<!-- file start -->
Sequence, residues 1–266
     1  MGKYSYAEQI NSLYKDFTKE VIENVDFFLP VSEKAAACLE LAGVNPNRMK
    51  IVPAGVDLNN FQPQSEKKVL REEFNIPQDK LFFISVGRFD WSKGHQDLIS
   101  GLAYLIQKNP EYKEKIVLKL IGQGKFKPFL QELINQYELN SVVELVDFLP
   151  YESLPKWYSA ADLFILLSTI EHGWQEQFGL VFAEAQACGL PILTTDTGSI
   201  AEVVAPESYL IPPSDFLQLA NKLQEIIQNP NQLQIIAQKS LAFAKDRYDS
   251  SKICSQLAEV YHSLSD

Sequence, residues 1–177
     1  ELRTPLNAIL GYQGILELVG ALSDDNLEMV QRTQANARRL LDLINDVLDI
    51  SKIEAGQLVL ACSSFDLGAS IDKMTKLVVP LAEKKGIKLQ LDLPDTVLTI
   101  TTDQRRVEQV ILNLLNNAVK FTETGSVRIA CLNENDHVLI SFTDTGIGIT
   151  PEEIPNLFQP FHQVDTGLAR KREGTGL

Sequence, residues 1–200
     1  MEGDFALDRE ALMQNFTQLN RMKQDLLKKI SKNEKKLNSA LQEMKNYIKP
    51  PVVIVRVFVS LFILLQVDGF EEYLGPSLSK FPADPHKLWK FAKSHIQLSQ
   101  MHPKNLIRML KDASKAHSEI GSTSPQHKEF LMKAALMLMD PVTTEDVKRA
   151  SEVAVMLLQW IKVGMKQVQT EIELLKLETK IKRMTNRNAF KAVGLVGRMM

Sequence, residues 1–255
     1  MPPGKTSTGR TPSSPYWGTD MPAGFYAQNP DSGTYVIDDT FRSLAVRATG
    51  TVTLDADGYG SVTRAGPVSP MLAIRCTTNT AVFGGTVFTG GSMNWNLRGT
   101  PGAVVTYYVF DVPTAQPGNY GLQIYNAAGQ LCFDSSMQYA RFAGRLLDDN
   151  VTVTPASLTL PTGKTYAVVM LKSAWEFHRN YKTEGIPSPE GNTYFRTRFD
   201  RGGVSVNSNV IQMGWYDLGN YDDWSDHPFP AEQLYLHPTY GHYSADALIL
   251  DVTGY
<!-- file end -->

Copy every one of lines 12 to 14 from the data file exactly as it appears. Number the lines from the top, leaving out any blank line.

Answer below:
   151  PEEIPNLFQP FHQVDTGLAR KREGTGL

Sequence, residues 1–200
     1  MEGDFALDRE ALMQNFTQLN RMKQDLLKKI SKNEKKLNSA LQEMKNYIKP